When the Prime Minister launched this election from the steps of Downing Street, she asked all parties to ‘put forward their proposals for Brexit’.
What has transpired overnight is that this has not in fact been the Brexit election, but the social justice one.
A year ago the CSJ asked that people scratch beneath the EU referendum result to understand the social drivers that underpinned it. People voted on the EU because it was the question they were asked, but their motivations were often as much social, financial, and personal as they were questions of global alliances.
And it is these same concerns that we have heard in recent weeks from our conversations with Parliamentary candidates on the doorsteps, and from our Alliance of poverty fighting charities. What people want to know is how the future Government will build a stronger society. How will we improve schools in our poorest areas? How will the NHS function? How can we ensure the right jobs and training? In short, how can potential be fulfilled?
The political parties that receded last night, both north and south of the border, did so because they did not make their battles over social policy ideas clear enough. And whilst there was heat, there was little light. It was this, we believe, that drove the vote.
In the coming days, politicians will need to do some politics. There will be bartering, alliances, shuffles, and appointments. That is not the CSJ’s concern.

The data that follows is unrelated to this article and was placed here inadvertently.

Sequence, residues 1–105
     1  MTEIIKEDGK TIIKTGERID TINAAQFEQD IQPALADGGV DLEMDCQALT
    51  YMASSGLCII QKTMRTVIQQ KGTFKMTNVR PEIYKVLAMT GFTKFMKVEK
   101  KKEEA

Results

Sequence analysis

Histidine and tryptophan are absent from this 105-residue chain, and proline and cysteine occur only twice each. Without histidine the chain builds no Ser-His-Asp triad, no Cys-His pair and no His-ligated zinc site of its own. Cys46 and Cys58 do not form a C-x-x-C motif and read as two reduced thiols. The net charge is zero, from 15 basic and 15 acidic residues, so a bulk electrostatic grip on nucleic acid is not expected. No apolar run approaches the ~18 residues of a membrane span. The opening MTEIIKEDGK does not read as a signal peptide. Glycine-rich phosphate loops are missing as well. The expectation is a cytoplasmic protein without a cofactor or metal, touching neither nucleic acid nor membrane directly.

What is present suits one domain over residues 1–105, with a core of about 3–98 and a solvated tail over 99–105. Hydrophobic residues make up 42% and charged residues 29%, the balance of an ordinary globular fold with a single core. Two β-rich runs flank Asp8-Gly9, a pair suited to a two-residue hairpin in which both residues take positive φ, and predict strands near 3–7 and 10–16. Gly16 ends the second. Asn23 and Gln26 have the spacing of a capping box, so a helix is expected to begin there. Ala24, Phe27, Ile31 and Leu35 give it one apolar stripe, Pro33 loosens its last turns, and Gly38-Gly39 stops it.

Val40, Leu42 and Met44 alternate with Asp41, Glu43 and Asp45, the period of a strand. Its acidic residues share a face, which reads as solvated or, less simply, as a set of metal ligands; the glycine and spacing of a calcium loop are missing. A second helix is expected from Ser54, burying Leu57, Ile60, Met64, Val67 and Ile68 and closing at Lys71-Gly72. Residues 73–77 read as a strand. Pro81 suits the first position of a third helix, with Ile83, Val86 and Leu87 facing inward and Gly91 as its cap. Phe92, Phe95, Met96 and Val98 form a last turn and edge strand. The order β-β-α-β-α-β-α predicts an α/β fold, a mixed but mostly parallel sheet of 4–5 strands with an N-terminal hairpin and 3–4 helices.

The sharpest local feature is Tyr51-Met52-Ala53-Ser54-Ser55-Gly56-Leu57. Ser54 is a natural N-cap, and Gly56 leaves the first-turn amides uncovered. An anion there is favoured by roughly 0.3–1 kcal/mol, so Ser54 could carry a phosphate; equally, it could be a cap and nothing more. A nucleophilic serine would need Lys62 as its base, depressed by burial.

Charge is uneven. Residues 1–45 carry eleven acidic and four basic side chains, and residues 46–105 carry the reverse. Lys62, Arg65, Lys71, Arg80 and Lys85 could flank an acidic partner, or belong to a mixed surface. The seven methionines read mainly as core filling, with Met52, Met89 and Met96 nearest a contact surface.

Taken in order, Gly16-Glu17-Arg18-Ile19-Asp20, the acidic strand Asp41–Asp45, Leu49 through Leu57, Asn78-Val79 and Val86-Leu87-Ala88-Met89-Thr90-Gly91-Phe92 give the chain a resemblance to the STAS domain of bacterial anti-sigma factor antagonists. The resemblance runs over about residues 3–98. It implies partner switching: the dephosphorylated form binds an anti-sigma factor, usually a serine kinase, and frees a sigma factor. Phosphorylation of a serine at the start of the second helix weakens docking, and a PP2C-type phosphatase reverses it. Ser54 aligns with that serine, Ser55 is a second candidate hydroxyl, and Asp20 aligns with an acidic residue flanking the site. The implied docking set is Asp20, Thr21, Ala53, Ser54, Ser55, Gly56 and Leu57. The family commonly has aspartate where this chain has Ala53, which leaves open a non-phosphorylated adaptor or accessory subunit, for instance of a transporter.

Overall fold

What is our concern is that whatever and whoever emerges listens to the voices of the poor and the excluded.
This is the mandate for the CSJ’s existence and so it is our job to support the Government in putting it at the heart of their work.
To that end our work continues. In the coming months, we will be publishing a raft of policy proposals tackling social issues across the political spectrum. We will look at:
• The future workforce, regional disparity, and national productivity to ensure we have the jobs and training we need for the future.
• The role of referral units and alternative providers in education, ensuring no child is left on the margins of our system.
• How to strengthen couples and family ties to tackle one of the true root causes of social disadvantage, shamefully absent from recent political narratives.
• Ensuring that childcare provision is accessible, fairly distributed and of decent quality.
• Reviewing the creaking justice system including rehabilitation, our prisons, and women’s centres.
• Tackling childhood health and the obesity epidemic.
Anybody serious about governing must sit up and listen, not because we are saying it, but because it is the voice of the electorate.